Is it time to put a two-term limit for executive and legislative posts?Some observers say there is a need to review provisions to make way for generational change and allow new faces to lead.
Roughly one third of local representatives have been re-elected from this month’s local elections. Once they complete their second term after five years, they won’t be able to contest again, even if they perform exceedingly well.
Article 216 (7) of the Constitution of Nepal says a person who has been elected as mayor for two terms will not be eligible to be a candidate in municipal elections. Similarly, Article 215 (7) has a similar provision for chairpersons of rural municipalities.
While there is a two-term cap for local representatives, there is no such provision for other high-level positions like prime minister, chief minister, minister or lawmakers. And this gives an opportunity for politicians to assume office as long as they choose to, thereby preventing generational change in the leadership positions, observers say.
Incumbent Prime Minister Sher Bahadur Deuba is currently serving his fifth term. Leaders like KP Sharma Oli and Pushpa Kamal Dahal have already become prime minister twice. Most of the senior leaders like Madhav Nepal, Jhala Nath Khanal and Baburam Bhattarai have served once. There are several politicians who have become ministers multiple times.
The problem, say observers, is not that politicians continue to seek multiple terms. The problem is their failure to deliver, according to them.
Addressing a meeting of the National Assembly on Monday, its member Khim Lal Devkota said that the time has come to impose a cap of a maximum of two terms on the executive and legislative positions at federal and provincial levels, something similar to that of the local level. He said the tradition of allowing a single person to lead the government or become lawmaker as long as s/he desires is wrong, which must be revisited without delay.
If the results of the local elections are anything to go by, when the country holds general elections later this year, a hung parliament is most likely. And the most likely contenders for the prime ministerial post will be Deuba, Oli and Dahal who are 75, 70 and 67 years old, respectively.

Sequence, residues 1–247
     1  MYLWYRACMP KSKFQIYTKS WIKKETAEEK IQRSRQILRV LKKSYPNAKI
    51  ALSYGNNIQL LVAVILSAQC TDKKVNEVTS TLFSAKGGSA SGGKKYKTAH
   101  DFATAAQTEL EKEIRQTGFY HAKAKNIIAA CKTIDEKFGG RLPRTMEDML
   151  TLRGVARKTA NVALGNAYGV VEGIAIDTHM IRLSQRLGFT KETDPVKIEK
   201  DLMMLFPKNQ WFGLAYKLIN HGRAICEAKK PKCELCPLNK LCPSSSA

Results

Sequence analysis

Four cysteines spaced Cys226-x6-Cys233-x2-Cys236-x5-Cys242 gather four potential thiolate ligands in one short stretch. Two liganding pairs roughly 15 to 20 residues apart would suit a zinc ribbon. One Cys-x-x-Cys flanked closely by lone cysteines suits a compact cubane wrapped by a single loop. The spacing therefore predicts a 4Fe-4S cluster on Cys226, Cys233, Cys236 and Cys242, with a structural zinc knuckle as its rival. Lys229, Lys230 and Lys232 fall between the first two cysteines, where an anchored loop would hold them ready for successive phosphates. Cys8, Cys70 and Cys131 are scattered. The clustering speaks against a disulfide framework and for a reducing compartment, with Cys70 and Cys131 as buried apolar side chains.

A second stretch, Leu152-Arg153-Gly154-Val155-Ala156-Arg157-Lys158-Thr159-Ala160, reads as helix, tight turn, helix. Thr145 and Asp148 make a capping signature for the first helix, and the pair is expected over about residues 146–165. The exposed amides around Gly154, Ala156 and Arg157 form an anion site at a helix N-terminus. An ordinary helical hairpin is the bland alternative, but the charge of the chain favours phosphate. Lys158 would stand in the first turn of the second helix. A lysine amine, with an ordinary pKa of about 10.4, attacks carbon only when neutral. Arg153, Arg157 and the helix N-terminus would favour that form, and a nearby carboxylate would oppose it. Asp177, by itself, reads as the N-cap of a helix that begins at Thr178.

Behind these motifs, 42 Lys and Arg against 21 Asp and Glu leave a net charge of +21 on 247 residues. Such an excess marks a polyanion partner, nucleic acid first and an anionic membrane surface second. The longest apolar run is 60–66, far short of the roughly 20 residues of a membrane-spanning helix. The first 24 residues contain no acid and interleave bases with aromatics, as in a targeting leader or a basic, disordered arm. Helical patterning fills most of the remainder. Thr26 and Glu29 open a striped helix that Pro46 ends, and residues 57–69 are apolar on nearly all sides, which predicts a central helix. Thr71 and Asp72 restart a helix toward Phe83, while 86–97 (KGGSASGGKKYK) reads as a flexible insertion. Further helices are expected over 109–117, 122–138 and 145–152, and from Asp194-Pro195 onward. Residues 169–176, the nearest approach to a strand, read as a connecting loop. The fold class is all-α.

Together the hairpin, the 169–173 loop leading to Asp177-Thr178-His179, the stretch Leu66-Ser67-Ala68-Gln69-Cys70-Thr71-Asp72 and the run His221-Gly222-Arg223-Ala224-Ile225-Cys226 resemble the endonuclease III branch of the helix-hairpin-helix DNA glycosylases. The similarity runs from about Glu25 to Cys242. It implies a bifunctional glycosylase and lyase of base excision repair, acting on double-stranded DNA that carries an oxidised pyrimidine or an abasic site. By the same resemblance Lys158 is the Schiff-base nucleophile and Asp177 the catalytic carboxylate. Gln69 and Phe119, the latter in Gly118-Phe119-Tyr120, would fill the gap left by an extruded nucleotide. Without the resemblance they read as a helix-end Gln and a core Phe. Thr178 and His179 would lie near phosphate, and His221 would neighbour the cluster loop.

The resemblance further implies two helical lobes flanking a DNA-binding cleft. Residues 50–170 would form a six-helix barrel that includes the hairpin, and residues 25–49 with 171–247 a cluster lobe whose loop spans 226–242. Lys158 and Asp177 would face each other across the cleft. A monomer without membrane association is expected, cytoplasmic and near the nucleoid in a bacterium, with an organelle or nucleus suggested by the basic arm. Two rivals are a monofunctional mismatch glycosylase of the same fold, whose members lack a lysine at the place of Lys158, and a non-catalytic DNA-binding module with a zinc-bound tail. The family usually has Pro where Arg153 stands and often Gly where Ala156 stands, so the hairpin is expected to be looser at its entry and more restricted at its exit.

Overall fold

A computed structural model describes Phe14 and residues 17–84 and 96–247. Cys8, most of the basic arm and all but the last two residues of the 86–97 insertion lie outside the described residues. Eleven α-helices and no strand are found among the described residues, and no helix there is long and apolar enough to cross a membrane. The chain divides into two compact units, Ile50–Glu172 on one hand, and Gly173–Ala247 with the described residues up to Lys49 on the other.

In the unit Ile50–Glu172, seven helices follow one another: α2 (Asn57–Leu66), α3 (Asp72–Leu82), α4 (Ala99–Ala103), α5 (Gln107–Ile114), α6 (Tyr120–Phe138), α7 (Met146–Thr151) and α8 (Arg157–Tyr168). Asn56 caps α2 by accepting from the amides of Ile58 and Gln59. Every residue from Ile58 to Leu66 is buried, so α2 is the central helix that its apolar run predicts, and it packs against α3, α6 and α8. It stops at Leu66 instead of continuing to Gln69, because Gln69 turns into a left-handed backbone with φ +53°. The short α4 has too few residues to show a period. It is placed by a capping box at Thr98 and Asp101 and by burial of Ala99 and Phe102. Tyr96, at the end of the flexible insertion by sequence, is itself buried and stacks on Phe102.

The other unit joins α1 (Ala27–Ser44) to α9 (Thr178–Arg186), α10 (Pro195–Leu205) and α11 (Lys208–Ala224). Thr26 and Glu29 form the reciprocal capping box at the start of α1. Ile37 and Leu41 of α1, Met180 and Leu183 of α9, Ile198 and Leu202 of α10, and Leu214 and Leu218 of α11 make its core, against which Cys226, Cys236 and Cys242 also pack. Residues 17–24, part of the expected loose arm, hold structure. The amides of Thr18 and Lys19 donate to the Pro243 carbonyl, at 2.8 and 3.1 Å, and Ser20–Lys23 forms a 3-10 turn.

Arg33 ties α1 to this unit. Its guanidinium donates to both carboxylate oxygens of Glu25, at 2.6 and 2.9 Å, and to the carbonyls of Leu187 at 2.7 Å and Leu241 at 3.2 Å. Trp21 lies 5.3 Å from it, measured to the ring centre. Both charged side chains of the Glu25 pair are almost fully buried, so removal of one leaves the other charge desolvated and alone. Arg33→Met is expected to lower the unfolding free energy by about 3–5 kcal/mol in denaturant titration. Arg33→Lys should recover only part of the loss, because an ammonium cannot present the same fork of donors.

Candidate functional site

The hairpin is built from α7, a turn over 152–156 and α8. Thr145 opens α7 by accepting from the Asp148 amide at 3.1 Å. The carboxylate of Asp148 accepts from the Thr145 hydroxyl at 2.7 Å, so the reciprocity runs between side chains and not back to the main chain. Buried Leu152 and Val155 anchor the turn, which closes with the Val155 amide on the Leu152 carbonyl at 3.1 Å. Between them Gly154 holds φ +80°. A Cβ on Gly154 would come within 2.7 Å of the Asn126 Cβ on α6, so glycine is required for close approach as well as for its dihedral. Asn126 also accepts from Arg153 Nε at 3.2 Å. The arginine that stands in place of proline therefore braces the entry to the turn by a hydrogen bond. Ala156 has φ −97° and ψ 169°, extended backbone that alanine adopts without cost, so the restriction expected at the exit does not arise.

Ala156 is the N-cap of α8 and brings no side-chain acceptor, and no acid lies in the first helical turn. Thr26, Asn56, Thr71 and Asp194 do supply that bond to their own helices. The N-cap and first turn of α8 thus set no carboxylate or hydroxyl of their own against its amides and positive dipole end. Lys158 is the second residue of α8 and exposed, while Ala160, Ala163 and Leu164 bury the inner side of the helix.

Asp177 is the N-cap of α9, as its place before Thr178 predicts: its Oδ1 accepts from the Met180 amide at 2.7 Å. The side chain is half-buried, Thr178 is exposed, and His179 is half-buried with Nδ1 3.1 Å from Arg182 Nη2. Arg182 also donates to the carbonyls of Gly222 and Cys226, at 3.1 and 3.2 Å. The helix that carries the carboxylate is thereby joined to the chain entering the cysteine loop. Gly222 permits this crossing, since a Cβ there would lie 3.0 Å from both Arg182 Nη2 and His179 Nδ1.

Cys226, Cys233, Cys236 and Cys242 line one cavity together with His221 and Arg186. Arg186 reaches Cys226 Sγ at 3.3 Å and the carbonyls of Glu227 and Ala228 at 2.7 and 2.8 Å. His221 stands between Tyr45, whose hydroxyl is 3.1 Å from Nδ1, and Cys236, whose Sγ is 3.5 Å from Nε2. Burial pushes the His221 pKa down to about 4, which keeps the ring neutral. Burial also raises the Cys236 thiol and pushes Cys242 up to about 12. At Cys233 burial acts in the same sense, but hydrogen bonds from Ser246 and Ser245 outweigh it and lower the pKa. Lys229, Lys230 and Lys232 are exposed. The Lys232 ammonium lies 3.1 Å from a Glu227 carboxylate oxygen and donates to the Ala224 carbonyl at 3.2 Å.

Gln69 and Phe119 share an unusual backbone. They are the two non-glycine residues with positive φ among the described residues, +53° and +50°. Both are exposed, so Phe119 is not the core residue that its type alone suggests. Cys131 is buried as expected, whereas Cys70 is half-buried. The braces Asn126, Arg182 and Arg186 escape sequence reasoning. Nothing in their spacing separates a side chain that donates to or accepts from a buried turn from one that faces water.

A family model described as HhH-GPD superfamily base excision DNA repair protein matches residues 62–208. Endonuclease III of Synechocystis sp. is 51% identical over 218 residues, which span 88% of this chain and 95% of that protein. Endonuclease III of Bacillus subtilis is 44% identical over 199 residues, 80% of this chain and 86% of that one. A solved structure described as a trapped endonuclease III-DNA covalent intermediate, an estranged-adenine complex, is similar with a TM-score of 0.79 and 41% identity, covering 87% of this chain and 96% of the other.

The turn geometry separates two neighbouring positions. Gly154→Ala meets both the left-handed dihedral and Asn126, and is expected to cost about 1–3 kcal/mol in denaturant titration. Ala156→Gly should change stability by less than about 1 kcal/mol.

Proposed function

“There is no difference between monarchical and democratic systems if the same [or just a handful of] persons continue to rule until s/he expires,” Ram Krishna Tiwari, chief of the Central Department of Political Science at the Tribhuvan University, told the Post. “It is already late to amend the constitution to impose the cap.”
Different provisions in the constitution must be amended if a two-term cap were to be implemented. And such proposals need to be passed by a two-thirds majority of the federal parliament.
In his address to the National Assembly, Devkota urged all the parties to come together for a revision of the constitution and other laws to prevent a single person from becoming prime minister, minister or lawmaker for more than two terms.
In the United States, for instance, one could contest for president as long as s/he wished until 1951, when the US constitution was amended to put a two-term cap. The 22nd amendment to the US Constitution states, “No person shall be elected to the office of the President more than twice.”
Devkota, who is also an expert on federal affairs, said without the restriction of two terms, the same old faces will continue to occupy the political space barring not only the next generation but also other politicians with the potential for delivering, from holding the position of power.
Most of the central level leaders of political parties across the spectrum have been around since 1990 and have been the major players of the game of musical chairs.
“Allowing the same old faces to be in power for several tenures will only stoke pessimism among the general public,” he told the Post.
Nepal has not had a full-term government since the restoration of democracy. In the last three decades, until 2018, the average tenure of a government has been nine months. The KP Sharma Oli government had the mandate to govern for a full term, but it too fell in little over three years, helping Deuba come to power.
Experts say a person, in general, can have a vision to lead just for a certain period. The same person may not be able to provide leadership for decades in a society that is changing so rapidly. A change in the leadership raises chances for new persons with new visions to guide the society and the country.
But for the new generation to take over, the old guards need to give way.
Bipin Adhikari, a professor at the Kathmandu University School of Law, says limited opportunity for the new generation in leadership is also a reason behind the political instability in the country.
According to him, frequent splits, guided by certain politicians’ desire to attain power, also lead to instability.
“It is quite reasonable to allow a person to be in a position for a maximum of two tenures,” he told the Post. “Politics is not a profession. The road must be left open for the new generation to take over.”